The famous grinning selfie taken by Naruto, a rare crested macaque monkey, who lives in the Tangkoko Reserve on the Indonesian island of Sulawesi, has been at the center of a copyright dispute. Initially, a dispute arose between Wikipedia and David Slater, a British photographer whose camera was used by the macaque to take her selfie. Wikipedia had used the selfie on the entry for the endangered macaque without the permission of Mr. Slater, on the pretext that since the photograph was not taken by a human being; no copyright existed in the same.
Later, animal rights group PETA took legal action on behalf of Naruto in United States claiming that the macaque owns the copyright over the photographs and should reap its financial benefits. Mr. Slater, the defendant in this case, asserted that it was he who had made all the adjustments and placed the camera there, and Naruto only clicked the button. So it was his creativity which should be recognized. An appeal was pending before the Ninth Circuit Court. But now, PETA and David Slater have reached a settlement whereby, Mr. Slater would donate 25 per cent of any future gross revenue that he derives from using or selling any or all of the monkey selfies to registered charities dedicated to protecting the welfare or habitat of Naruto and other crested macaques in Indonesia. Mr. Slater and PETA said in a joint statement:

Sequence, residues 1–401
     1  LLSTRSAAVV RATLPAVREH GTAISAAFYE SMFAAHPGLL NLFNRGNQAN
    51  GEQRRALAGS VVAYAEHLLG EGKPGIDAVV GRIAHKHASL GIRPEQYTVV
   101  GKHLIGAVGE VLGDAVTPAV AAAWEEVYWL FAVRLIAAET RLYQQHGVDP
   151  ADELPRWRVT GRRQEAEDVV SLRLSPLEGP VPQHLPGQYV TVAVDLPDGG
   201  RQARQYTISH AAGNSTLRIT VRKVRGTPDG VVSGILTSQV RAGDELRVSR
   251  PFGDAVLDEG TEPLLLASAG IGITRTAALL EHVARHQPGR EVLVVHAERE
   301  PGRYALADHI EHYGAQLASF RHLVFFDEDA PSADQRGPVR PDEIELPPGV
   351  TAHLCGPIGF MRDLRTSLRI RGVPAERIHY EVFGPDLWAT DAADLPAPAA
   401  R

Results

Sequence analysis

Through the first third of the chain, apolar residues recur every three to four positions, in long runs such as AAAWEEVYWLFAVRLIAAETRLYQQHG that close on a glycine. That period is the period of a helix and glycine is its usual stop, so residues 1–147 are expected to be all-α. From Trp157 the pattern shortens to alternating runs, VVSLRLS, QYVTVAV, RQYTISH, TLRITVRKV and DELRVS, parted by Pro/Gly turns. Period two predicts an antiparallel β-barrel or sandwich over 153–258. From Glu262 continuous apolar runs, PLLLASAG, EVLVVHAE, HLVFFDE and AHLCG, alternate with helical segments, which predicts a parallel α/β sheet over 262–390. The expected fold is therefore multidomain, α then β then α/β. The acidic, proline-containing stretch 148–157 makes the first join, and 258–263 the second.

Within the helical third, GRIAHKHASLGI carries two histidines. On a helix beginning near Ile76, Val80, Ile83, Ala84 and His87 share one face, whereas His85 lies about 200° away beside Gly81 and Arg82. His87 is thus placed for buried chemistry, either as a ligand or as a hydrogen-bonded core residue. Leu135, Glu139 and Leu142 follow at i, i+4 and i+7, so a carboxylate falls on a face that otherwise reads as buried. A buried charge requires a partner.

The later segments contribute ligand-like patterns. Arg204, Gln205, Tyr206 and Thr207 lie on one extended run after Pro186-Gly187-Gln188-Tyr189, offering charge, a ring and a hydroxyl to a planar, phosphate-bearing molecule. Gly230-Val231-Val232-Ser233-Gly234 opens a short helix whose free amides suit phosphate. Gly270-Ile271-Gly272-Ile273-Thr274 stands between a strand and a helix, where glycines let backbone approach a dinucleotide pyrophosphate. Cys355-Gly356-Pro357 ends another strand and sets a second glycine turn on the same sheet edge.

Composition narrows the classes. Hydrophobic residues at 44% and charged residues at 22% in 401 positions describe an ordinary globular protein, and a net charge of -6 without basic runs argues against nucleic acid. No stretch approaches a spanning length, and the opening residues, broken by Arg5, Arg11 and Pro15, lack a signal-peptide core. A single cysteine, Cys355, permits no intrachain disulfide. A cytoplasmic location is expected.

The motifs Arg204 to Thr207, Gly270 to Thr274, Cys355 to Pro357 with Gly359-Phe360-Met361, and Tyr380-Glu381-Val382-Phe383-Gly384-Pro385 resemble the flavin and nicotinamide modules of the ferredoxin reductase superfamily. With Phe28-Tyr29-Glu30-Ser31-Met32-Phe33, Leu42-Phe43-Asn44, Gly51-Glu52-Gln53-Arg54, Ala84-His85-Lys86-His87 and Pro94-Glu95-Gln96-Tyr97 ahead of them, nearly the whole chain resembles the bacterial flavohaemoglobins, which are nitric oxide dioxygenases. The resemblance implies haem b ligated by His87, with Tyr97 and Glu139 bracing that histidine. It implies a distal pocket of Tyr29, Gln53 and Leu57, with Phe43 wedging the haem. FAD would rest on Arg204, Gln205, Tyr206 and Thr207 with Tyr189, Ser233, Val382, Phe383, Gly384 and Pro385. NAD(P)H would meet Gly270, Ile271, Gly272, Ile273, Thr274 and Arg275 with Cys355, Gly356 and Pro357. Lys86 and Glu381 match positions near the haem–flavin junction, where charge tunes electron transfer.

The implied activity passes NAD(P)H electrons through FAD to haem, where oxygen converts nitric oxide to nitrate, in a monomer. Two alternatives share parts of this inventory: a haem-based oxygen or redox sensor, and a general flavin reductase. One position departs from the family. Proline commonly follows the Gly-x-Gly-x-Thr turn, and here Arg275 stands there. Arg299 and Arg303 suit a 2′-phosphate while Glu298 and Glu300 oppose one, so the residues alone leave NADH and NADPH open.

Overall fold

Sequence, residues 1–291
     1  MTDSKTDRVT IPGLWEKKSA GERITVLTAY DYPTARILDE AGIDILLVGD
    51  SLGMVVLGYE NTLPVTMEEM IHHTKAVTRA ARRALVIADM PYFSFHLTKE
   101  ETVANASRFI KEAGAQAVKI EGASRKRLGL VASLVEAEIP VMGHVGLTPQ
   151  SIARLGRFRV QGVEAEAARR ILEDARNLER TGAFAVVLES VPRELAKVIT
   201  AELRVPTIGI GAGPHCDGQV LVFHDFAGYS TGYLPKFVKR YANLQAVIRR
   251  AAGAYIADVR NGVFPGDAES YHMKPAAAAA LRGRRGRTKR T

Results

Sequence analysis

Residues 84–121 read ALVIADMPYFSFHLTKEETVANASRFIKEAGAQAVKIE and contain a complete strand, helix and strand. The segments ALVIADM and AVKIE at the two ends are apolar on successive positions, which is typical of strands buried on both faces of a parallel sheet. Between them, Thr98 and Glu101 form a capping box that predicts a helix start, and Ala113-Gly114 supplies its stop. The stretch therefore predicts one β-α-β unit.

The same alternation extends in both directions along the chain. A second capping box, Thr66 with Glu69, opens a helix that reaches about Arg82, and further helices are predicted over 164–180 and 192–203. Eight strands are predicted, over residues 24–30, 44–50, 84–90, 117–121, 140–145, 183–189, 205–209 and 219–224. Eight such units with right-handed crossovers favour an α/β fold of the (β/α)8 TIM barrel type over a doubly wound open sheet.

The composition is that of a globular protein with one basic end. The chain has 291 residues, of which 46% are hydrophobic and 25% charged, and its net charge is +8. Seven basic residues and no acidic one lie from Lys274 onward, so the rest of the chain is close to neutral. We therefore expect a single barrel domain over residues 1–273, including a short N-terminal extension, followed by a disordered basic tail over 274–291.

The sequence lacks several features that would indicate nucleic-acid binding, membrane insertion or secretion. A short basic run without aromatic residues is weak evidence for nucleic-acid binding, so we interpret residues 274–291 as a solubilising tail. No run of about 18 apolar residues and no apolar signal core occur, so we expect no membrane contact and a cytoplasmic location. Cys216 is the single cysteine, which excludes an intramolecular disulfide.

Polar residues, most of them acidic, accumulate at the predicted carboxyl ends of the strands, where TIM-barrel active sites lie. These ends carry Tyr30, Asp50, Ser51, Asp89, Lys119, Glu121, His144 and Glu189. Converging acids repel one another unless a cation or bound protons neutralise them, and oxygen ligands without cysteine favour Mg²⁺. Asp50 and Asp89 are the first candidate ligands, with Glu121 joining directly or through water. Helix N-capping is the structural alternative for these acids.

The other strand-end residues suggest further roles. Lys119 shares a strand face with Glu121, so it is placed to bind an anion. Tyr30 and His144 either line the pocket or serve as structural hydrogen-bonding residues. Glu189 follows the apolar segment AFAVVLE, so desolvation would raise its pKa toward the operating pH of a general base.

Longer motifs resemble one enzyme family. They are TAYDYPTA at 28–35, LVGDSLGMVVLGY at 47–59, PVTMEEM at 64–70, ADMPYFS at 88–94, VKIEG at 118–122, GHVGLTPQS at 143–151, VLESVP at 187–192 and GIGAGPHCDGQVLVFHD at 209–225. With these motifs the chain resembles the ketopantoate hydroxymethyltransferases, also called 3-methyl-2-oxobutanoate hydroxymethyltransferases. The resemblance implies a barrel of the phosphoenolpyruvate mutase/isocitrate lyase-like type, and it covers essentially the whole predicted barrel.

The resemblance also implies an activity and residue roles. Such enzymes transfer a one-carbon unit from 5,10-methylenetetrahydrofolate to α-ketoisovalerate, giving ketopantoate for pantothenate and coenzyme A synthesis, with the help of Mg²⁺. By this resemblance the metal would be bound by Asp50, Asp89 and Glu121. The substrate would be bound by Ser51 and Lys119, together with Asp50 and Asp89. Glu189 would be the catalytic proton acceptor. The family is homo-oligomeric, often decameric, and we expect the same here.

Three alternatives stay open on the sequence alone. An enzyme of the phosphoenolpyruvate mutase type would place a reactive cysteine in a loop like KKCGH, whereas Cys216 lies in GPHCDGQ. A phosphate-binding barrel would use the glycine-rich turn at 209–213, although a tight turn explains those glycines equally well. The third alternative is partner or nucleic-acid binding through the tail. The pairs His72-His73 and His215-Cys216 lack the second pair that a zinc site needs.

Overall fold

PETA and David Slater agree that this case raises important, cutting-edge issues about expanding legal rights for non-human animals, a goal that they both support, and they will continue their respective work to achieve this goal.
The court is yet to accept the settlement and dismiss the appeal but, in case, the appeal is dismissed, the question remains, who owns the Selfies?